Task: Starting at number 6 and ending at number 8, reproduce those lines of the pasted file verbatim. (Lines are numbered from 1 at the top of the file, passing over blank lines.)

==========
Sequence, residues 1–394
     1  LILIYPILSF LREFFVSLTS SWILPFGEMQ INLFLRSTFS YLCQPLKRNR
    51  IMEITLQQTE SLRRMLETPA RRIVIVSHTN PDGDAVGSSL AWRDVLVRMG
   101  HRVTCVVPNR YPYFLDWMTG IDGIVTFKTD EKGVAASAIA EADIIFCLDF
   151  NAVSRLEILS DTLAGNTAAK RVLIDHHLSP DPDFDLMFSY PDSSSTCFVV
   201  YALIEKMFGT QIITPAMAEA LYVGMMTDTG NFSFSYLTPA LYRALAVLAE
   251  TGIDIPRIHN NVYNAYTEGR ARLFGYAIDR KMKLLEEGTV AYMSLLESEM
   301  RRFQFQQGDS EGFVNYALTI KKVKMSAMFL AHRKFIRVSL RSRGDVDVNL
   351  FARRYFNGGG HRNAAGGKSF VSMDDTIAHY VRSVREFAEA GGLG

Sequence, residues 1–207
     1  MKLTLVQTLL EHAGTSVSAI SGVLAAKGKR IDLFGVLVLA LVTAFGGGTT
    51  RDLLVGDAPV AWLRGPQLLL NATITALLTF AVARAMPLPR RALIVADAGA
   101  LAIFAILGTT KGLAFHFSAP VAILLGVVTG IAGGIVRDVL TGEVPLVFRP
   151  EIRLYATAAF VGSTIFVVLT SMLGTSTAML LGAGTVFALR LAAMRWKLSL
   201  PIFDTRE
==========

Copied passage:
   201  YALIEKMFGT QIITPAMAEA LYVGMMTDTG NFSFSYLTPA LYRALAVLAE
   251  TGIDIPRIHN NVYNAYTEGR ARLFGYAIDR KMKLLEEGTV AYMSLLESEM
   301  RRFQFQQGDS EGFVNYALTI KKVKMSAMFL AHRKFIRVSL RSRGDVDVNL